NETWORKS DO TOUR'S BIDDING

The PGA Tour's network television contracts expire after the
1998 season, and the principals are deep into negotiations,
intent on hammering out a deal by the end of next week. Already
four significant changes appear certain.

The Tour will be paid considerably more. The Tour was shrewd to
hold the bidding now to exploit Tiger Woods's popularity. (The
value of events in which Woods will play regularly, such as
Pebble Beach, Los Angeles, Bay Hill and the Tour Championship,
should skyrocket.) But the main reason for the timing was to get
the deals done before the soon-to-expire, and expensive, NFL and
NBA packages go up for bid. Estimates that the Tour's rights
fees will increase from $95 million to $150 million may be high,
but not by much, especially with Fox eager to make its first
serious foray into golf.

Viewers will receive an unprecedented amount of golf coverage.
The Tour is demanding more early-round telecasts--currently, 14
events do not receive Thursday and Friday coverage. The Tour
also wants late-running tournaments shown to their conclusions.
In other words, no more episodes like the one in February, when
ABC ditched the Hawaiian Open playoff to show America's Funniest
Home Videos.

The schedule will be altered. The season-opening Mercedes
Championships may be moved to Hawaii, with the Hawaiian Open,
frequently skipped by top pros in the past, slotted for the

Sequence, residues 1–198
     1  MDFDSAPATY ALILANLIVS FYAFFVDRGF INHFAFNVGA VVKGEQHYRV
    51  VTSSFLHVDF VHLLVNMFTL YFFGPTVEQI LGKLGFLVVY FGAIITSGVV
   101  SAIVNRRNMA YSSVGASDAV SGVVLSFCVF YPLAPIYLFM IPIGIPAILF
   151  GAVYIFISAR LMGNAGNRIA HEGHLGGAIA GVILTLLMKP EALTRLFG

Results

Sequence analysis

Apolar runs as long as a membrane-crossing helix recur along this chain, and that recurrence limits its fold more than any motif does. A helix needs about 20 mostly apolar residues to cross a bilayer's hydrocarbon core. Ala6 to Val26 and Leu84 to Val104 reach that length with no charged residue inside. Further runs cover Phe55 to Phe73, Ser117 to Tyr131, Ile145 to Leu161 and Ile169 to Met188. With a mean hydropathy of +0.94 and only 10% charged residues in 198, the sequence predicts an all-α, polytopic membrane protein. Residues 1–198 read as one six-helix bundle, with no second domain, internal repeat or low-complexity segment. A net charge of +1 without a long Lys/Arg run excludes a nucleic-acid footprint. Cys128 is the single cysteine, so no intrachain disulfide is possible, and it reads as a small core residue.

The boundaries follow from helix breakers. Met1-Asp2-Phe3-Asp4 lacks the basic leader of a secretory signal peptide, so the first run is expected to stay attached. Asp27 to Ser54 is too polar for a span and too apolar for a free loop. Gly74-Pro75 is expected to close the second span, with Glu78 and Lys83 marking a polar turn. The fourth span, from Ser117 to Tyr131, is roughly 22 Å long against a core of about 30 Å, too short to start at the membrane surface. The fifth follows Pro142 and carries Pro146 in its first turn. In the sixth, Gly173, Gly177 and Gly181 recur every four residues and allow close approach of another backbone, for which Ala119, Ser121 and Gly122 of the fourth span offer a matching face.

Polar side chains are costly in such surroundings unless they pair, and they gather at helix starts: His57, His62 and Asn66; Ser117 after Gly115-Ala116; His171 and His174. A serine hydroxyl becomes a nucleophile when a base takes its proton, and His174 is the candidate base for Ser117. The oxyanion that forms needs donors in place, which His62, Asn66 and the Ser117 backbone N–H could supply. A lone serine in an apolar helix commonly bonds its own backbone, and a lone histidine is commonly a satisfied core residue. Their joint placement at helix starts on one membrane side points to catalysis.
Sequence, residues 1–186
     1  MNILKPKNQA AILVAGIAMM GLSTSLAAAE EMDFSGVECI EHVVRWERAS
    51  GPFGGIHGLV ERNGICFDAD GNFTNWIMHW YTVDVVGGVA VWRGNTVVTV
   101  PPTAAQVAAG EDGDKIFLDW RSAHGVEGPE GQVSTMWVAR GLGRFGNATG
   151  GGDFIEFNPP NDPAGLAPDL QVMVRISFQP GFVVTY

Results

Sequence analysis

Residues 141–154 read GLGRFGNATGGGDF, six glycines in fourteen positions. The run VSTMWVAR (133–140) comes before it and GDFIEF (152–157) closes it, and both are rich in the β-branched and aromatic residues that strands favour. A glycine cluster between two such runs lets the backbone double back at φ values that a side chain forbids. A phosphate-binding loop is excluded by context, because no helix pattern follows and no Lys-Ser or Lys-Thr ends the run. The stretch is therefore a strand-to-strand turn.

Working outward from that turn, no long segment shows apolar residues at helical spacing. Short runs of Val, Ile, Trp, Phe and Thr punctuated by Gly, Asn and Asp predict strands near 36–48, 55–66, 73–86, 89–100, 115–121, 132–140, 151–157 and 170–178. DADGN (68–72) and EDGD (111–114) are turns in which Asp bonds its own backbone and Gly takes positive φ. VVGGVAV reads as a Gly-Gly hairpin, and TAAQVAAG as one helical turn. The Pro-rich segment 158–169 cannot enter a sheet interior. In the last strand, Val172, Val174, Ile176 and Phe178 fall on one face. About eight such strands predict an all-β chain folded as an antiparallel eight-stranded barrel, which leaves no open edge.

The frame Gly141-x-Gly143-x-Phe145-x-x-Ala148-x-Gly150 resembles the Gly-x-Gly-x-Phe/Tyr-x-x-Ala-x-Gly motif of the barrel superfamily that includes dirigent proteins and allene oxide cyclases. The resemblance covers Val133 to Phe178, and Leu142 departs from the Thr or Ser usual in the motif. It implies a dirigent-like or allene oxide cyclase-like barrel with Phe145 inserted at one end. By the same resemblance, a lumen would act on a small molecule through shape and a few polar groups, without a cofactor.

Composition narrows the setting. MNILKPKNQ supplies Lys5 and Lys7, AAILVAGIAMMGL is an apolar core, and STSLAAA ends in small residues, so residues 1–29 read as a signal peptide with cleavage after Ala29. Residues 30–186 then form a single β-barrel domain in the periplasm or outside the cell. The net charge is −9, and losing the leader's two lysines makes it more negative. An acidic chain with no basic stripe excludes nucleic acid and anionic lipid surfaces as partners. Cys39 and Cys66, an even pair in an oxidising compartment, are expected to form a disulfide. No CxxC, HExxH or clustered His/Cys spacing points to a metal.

following week. Weaker events, such as Tucson, might be
replaced, possibly by a consolidated version of the Andersen
Consulting World Championship. The biggest schedule change,
though, could be the date of the Players Championship. Earlier
this year the Tour, sensing a potential financial windfall,
asked the networks to make two bids on the Players, one in
March, when it's currently held, and another in May.

Longtime affiliations between networks and certain events will
end. Tournaments are being offered in 11 packages of up to five
events each. The first half of the West Coast swing in January,
for instance, might be offered as one package. The second half,
in February, would be a separate package. (The majors, which the
Tour does not own, will continue to make their own deals.) This
plan has been the key stumbling block in the negotiations.
Unlike CBS and Fox, ABC and NBC could face serious scheduling
conflicts. ABC, for example, sees conflicts in 10 of the 11
proposed packages. Complicating NBC's bid is the uncertainty
surrounding the date of the Players, a ratings heavyweight that
NBC has carried for 10 years. Because of its commitment to the
NBA playoffs, NBC likely wouldn't be able to televise the event
in May.

HENRY PICARD: A TEACHER AND A CHAMPION

During his 90 years, Henry Picard taught at some of the most
exclusive country clubs in the U.S., including Canterbury in
Cleveland and Seminole in West Palm Beach, Fla. But Picard, who
died last week in Charleston, S.C., would have argued that his
most satisfying teaching was done at Plantation Pines, a
threadbare nine-hole course 18 miles southeast of Charleston,
where a bucket of range balls cost $3.50, the same price as the
greens fee. Well into his 80s Picard gave lessons there, and any
golfer, whether touring pro or hacker, could drop by and get a
few pointers from the 1938 Masters champion. "Money and fame,
they never meant a damn to me," Picard told SI two years ago.

Picard, who also won the '39 PGA and 23 other events, eagerly
doled out wisdom throughout his playing career. His most famous
student was Ben Hogan. In 1940 Hogan was struggling with a
wicked hook when Picard slightly altered his grip. Hogan went on
to win four tournaments that year and 58 more thereafter. So
touched was Hogan by Picard's magnanimity that he dedicated his
instructional book Ben Hogan's Power Golf to his old teacher.
"He was one of my best friends, one of my very best friends,"